Using different techniques

The best type of massage can vary based on your symptoms and how cancer and cancer treatments have affected your body. Gentle massage is tolerated by most people with cancer, and it is enough to release "endorphins," the "feel-good" chemicals released by the brain that can relieve pain. Those with muscle tension and stiffness may require stronger massage techniques, such as Swedish massage.

Health benefits

Massage therapy may have general benefits for well-being, as well as specific benefits for general symptoms associated with cancer or its treatment.

General health benefits

Researchers believe that massage can have both physical and psychological benefits .

Physically, massage can:

  • Reduce inflammation and swelling.
  • Improve blood circulation
  • Helps sore muscles
  • Reduce the level of stress hormones in the blood.

Emotionally, massage can help people relax, divert attention from pain and fear, and reduce anxiety and sometimes depression.

Benefits for people with cancer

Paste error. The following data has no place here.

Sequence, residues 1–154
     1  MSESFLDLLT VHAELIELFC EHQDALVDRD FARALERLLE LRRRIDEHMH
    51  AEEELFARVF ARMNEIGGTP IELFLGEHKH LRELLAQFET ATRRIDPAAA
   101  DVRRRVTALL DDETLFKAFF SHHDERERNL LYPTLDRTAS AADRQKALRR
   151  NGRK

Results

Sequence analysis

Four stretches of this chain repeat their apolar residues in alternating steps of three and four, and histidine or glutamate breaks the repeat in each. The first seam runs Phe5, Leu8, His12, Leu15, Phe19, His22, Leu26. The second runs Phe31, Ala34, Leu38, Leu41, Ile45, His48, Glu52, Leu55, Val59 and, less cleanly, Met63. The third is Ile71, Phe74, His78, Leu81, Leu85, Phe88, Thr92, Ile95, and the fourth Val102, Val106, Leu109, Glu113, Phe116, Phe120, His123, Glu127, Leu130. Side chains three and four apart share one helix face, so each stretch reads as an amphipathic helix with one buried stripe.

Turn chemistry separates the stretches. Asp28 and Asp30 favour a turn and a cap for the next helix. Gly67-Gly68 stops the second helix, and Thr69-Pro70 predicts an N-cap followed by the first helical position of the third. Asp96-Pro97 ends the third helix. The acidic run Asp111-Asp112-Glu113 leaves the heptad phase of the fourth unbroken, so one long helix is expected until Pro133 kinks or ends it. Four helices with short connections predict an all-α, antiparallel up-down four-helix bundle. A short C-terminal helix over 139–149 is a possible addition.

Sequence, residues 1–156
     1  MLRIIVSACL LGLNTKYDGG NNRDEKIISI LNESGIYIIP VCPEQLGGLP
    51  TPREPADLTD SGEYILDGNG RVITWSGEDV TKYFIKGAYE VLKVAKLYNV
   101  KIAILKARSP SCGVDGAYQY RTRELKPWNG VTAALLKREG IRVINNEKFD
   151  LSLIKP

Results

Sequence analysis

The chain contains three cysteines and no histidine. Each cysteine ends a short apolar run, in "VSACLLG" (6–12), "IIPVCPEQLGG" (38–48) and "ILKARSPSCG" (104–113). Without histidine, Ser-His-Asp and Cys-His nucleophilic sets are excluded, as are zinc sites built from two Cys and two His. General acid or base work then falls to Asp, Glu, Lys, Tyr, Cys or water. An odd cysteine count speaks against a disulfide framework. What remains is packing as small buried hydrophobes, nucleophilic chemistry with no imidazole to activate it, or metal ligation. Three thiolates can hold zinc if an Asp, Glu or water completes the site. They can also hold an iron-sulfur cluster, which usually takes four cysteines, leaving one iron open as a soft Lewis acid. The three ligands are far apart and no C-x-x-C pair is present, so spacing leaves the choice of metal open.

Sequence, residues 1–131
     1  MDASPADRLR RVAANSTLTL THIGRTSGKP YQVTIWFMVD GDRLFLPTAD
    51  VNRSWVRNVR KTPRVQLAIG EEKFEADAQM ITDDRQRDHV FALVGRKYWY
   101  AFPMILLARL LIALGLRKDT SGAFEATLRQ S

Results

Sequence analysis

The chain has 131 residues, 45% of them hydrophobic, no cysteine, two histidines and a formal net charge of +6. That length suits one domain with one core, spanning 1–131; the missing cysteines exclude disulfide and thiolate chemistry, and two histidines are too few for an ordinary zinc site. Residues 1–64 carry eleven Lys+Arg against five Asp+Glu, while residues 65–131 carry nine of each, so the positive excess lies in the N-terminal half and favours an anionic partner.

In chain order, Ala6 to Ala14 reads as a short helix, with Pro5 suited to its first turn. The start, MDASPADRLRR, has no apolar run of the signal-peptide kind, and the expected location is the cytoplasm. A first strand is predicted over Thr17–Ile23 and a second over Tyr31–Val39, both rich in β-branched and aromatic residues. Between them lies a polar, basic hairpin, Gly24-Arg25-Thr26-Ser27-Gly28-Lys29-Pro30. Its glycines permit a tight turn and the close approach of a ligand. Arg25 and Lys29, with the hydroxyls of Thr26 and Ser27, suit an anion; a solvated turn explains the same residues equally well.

Intuitively, it seems that massage should benefit cancer patients. Unlike often intense (and sometimes cold) treatments like chemotherapy and radiation therapy, massage can create feelings of calm and serenity. Also, since most cancer treatments focus on treating the tumor, massage can help people feel pampered, as therapy involves a therapist dedicated to their personal, non-clinical well-being.

Several studies evaluating the potential benefits of massage therapy in oncology have focused on specific treatments. For example, a 2016 study looked at the benefits of massage for people undergoing chemotherapy and found that it reduced pain, fatigue, nausea, and anxiety.

Other studies have examined the benefits of massage for certain symptoms associated with cancer.

Nausea related to chemotherapy

Several studies have shown that massage therapy combined with other treatments can reduce nausea and vomiting caused by chemotherapy . A 2015 study combining traditional and alternative cancer treatments found that a combination of dexamethasone, massage, and ginger for chemotherapy-induced nausea worked better than some other combinations of traditional and alternative therapies.